Review: Heyy Babyy
Sajid Khan’s direction is more dependent on lavish resources and star value than a distinctive style of storytelling in the film, writes Khalid Mohamed.movie reviews Updated: Jun 07, 2012 16:24 IST
Cast: Akshay Kumar, Riteish Kumar, Fardeen Khan, Vidya Balan
Direction: Sajid Khan
Don’t nappy, be happy. Legs-lips-`n’-limbs of bimbos are the obsessions of three blokes, one of whom even croaks, “I carry more condoms than money in my pockets,” rolling his merry-go-round eyes out of their sockets. Hee hee?
Just about. But you also go chhee chee as Heyy Babyy, directed by Sajid Khan, indulges in execrable humour, striving to set off mirth ripples with dirty talk about underpants (not washed for a week, it seems), toilet humour and nipples. Enough to make you want to run out for a tipple.
So okay, Mr Khan may have shouted himself hoarse that he hasn’t ripped off Hollywood’s Three Men and a Baby (technically he may be correct, because he could have just ransacked the original French version). Hello, but till the intermission point it’s nothing but that – milking laughs out of emergency baby feeds, poop and what the dialogue innovatively calls “bummies.” Hang on to your groaning tummies.
Aaah but gangs of geeks, going on about their sex drive, have been whooping it up of late, from the masti ki pathshalas of David Dhawan, Indra Kumar and Priyardarshan. Comedies, making women out to be sex objects, sell. They’re to be taken deliriously, not seriously – just a brunch of joke-`n’-junk food. Dig in, digest the watchamacallit, never mind the acidity and burps. Sab chalta hai.
<b1>Or should that be daudta hai? The three sex machines (Akshay Kumar, Riteish Deshmukh, Fardeen Khan), are bedding blondes, red-heads and brunettes in Sydney. Holy kidney? And a baby girl is left at their doorstep. Either of the trio could be the dad, and so there they go – in ancient Keystone Cops-style fast motion – feeding the darling but never taking her out a rather uncomfy cot. Yikes.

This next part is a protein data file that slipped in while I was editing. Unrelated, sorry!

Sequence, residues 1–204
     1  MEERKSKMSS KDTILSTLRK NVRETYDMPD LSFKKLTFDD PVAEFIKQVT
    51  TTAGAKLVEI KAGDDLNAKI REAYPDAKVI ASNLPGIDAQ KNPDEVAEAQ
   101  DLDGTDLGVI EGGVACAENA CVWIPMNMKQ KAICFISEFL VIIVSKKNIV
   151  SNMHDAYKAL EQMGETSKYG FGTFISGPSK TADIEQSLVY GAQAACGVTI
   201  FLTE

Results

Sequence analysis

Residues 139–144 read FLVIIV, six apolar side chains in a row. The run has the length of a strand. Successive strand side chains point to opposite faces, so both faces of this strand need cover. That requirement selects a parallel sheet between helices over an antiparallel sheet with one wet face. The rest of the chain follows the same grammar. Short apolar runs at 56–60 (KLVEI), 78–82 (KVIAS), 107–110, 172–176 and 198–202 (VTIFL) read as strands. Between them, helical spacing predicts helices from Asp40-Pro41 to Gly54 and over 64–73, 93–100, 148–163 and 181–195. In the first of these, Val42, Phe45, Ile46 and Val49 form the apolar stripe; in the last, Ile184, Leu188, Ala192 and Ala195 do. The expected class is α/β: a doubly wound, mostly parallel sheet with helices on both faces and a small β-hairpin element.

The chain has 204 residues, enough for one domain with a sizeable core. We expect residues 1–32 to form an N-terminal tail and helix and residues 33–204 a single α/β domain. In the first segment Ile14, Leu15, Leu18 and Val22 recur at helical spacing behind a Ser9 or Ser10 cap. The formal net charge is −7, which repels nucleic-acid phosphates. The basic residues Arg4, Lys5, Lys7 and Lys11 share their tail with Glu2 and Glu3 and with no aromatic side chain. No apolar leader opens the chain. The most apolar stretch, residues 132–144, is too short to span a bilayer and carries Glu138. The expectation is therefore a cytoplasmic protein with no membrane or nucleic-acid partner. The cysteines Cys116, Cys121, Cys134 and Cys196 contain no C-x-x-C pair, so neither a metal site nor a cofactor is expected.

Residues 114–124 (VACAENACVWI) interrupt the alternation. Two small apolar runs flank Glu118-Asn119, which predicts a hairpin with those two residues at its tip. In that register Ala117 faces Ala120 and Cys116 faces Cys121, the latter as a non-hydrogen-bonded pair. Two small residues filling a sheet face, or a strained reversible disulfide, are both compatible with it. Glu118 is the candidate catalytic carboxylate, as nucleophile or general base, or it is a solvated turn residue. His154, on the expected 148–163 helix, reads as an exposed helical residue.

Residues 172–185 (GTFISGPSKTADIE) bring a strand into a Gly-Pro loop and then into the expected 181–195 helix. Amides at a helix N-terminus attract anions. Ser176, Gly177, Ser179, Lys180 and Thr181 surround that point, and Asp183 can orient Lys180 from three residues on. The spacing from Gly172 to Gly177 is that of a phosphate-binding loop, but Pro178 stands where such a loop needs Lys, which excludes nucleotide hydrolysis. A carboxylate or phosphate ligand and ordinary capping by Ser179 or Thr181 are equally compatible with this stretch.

Trouble ahead: abruptly the script goes ‘original’. Enter the mom (Vidya Balan looking sterner than a prison warden), flashbacks ensue, and there’s much huffing-`n’-puffing. In any case, it isn’t quite comprehensible how she could have even risked leaving her child to the care of three bumblers. Incidentally, the eight-month-old is left out in the rain, rushed to an Indian doctor (so, no subtitles are needed) and survives. “It’s a miracle!” beams the doc. Squawk.
Instead of tittering nervously, you now feel like a coolie carrying a heavy-duty load. The three men, reformed by their nanha farishta, want her back. Mom signs up a weird contract, Boman Irani fetches up to ham, and the baby shebang becomes a sham. Stern mom, in a hideous wardrobe (ensembles printed with circles and op-art) hisses, softens and hisses. And then she zooms off with her babyy, seated at long last in a cool pram. No free lollipops for guessing the rest. Yes, yes, it’s time-pass and all that but not of the variety that separates the intelligent from the trite.
Sajid Khan’s direction is more dependent on lavish resources and star value than a distinctive style of storytelling (story?). Those reaction shots of the child are clumsy, often suggesting that they were filmed randomly.
And pray why Sydney? Never mind. How come the mom also stays in the same city in what looks like a hotel or a health spa? Why does her dad go dotty over a potential son-in-law, trilling “I like him, I like him.” Logic – a must even in knockabout slapstick – is conspicuous by its absence.
The music score by Shankar-Ehsaan-Loy is nothing to hum about; the cinematography is patchy and the screenplay’s latter-half is particularly laboured.
Of the cast, Akshay Kumar has an appealing flair for the light-hearted. Riteish Deshmukh is reliably likeable.. but could he please quit blinking like a neon sign out of order? Fardeen Khan needs to be kept far away from potato salad buffets. Vidya Balan is wasted.
So heyy, this one’s far from okayy. Aapyy ka Surrooryy was funnier.